Sampan interviews former government official on gun violence in Haiti
[Editor’s Note: This is the second in a series of SAMPAN interviews with people living in countries with strict gun laws.]
The recent devastating mass shootings in the United States have once again brought the issue of gun violence into the limelight. In 2022 alone, the Gun Violence Archive counted over 250 mass shootings in the United States. The director of the United States. The Centers for Disease Control and Prevention has even come out to say that gun violence in America is a “serious threat to public health.”
So how do ambiguous gun control policies in the United States compare to a country that has strict gun laws?
With a population of around 11.68 million, Haiti is plagued by corruption, natural disasters, years of political instability and gang violence. The resurgence of gang violence has caused major conflict in Haiti, and gun violence has been extremely prevalent in a country that has extremely strict gun laws. Haiti also prohibits the possession of firearms in public and in homes. Therefore, unless individuals have licenses or are authorized by the Armed Forces of Haiti, firearms are strictly prohibited.
Why has gun violence become a major problem in a country that has strict gun laws?
Last March, hundreds of Haitian migrants fled to the Florida Keys by boat to escape “armed terror in Haiti led by a federation of violent gangs that now control much of Haiti and its capital, Port-au- Prince,” according to public radio WRLN. The federation leaders of these violent gangs can be seen in videos wielding military-style weapons and semi-automatic rifles. Since these weapons cannot be purchased legally in Haiti, how is this the case? The answer is that half a million firearms in Haiti are smuggled illegally from the United States. Most of these illegal weapons are high powered firearms. In 2020, the United Nations reported that there were approximately 270,000 illicit firearms in Haiti, while the National Commission for Disarmament, Dismantling and Reintegration reported approximately 500,000. recorded fires, declared in 2017, is only about 20,379.
Overall, in 2021, there was a 62% increase in violence over the previous year in Haiti. The rise in violence has made citizens feel unsafe in Haiti, according to UNICEF.
To dig deeper into how guns and gun violence are viewed in Haiti, we interviewed François. He is originally from Haiti and currently lives in Boston. He previously worked for the government of his country.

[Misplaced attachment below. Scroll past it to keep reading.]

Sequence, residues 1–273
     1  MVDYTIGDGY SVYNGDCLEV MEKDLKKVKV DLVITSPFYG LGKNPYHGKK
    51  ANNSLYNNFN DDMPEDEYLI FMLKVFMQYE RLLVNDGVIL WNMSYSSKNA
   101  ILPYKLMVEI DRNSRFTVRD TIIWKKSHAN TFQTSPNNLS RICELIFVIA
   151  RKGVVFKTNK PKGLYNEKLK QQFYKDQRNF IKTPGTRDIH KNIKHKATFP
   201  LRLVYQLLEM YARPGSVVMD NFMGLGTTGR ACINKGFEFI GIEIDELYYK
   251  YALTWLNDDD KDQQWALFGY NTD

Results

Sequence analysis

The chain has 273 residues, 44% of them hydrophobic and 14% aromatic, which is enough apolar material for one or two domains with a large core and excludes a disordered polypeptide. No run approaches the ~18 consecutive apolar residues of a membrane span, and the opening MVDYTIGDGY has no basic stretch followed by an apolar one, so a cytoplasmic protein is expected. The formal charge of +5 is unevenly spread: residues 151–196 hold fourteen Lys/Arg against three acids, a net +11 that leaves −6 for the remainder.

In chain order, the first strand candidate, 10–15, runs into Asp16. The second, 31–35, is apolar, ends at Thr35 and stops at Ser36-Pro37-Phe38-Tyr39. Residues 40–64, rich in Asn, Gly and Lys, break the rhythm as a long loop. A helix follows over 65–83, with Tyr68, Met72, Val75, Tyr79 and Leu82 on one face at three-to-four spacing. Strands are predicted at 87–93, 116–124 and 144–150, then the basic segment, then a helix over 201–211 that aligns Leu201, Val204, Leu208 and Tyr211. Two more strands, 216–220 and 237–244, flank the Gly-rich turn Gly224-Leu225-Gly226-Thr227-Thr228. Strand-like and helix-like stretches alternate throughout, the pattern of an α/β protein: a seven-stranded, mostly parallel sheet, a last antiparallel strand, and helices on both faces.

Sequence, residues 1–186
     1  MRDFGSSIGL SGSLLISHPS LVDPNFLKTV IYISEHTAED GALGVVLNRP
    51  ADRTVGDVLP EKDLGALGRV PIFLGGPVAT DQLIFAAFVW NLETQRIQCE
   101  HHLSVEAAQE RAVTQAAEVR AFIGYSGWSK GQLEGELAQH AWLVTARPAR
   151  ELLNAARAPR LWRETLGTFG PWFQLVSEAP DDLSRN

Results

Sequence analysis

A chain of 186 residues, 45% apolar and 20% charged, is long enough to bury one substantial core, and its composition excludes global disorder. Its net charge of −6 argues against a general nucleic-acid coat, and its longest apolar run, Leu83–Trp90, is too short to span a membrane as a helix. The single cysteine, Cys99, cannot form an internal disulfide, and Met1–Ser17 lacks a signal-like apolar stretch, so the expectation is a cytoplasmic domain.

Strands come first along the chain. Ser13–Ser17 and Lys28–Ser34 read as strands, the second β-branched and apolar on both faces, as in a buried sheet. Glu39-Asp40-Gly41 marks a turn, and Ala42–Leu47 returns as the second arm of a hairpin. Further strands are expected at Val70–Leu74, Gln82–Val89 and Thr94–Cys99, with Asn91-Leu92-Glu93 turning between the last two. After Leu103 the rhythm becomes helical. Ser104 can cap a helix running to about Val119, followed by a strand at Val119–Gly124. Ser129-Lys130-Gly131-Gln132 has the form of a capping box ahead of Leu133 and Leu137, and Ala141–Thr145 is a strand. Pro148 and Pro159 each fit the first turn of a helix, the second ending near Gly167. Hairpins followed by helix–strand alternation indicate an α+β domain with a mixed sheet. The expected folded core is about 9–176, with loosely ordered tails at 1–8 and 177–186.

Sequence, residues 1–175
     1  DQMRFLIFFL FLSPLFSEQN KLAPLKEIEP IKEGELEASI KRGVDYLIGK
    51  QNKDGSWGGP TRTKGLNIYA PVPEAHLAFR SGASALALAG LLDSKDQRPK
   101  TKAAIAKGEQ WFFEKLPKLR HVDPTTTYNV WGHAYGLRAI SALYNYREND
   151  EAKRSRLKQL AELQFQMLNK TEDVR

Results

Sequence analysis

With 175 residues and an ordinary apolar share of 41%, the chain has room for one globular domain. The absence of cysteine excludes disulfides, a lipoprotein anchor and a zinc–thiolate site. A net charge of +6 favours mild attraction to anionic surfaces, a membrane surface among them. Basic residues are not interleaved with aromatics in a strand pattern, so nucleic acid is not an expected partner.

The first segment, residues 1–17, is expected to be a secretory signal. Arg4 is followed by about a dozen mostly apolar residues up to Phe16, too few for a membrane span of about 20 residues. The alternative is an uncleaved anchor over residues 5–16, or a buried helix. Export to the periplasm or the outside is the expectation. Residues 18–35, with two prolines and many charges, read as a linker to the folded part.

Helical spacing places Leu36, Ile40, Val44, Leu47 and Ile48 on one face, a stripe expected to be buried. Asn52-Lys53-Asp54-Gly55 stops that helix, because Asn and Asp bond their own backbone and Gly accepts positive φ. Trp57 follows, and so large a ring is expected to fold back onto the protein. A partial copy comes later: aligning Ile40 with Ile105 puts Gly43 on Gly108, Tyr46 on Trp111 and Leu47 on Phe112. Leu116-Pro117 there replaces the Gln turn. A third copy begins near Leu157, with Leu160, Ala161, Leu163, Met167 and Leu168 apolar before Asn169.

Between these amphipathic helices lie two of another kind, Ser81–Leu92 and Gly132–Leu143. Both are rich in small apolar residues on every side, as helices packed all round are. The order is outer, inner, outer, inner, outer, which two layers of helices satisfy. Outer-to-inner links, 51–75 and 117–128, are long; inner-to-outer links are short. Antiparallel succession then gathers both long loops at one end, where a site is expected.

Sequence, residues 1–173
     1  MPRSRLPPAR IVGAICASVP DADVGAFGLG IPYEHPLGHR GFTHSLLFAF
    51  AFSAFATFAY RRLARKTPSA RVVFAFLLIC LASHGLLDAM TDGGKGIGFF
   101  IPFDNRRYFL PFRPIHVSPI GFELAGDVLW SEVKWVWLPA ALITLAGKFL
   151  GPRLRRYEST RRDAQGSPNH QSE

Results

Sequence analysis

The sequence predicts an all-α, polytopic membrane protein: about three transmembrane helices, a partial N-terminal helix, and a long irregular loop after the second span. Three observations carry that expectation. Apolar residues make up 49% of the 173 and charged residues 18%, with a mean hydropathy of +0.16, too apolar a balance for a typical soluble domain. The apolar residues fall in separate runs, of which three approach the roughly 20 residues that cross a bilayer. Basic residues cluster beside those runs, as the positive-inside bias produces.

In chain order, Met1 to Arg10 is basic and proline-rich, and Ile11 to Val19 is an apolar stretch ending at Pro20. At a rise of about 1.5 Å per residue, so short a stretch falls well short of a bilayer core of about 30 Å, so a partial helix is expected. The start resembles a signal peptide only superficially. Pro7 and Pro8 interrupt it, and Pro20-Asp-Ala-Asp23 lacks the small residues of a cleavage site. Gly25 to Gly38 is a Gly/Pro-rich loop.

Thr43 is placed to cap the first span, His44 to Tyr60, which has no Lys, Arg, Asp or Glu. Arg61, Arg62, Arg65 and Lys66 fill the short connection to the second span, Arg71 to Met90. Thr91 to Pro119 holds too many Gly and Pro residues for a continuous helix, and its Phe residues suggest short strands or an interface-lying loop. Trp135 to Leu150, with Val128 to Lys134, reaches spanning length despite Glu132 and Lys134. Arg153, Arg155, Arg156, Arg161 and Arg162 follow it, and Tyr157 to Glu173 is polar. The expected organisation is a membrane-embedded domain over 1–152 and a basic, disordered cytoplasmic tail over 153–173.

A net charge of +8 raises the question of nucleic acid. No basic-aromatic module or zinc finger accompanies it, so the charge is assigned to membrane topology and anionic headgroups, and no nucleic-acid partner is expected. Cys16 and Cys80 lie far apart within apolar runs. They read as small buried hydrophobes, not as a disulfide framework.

In Haiti, any citizen aged 18 or over is allowed to obtain a firearms license. However, it takes a long time to get the license. If you want to buy a gun, you must write a letter to the national police. Then there’s this investigation period, where background checks are done to see if the person has a mental illness and a clean criminal record. They also need to see if the gun is legal to own. There are two different types of permits you must carry. One lets you own the weapon at home, and the other lets you carry it outside. In Haiti, gun laws are more restrictive than in the United States. Haitians living in the United States usually buy the guns for the mobsters and then send them through customs. There, the customs service is not doing a good job. This is how weapons easily enter Haiti – via the United States.
Ordinary people are kidnapped in Haiti and the crime rate is extremely high. It was very difficult for the population. There is strong anti-gang sentiment among ordinary citizens. Because the process of obtaining a firearm takes so long, the rate of people owning registered firearms is very low. However, most people in Haiti now want a gun to protect themselves from gang violence, as it has become a major problem. The current prime minister in Haiti isn’t very popular right now because he hasn’t taken a stand on guns – most politicians don’t, anyway. Usually, businessmen and entrepreneurs are the ones targeted by gangs because they are after their money. On the other hand, for ordinary people, there really isn’t a gun culture in the house.
For me personally, my family does not believe in the presence of firearms in the house and neither do I. I don’t own a gun because I feel like when people own guns they get arrogant and don’t use their negotiating skills. There are better ways to resolve conflicts between people. I think ordinary people who own guns will not reduce gang violence. On the contrary, my solution to the gang violence in Haiti is to reform the judicial system, because the judges are extremely corrupt, and to strengthen the police by equipping them. Ordinary people in Haiti should not own guns.
This interview has been edited for clarity and conciseness.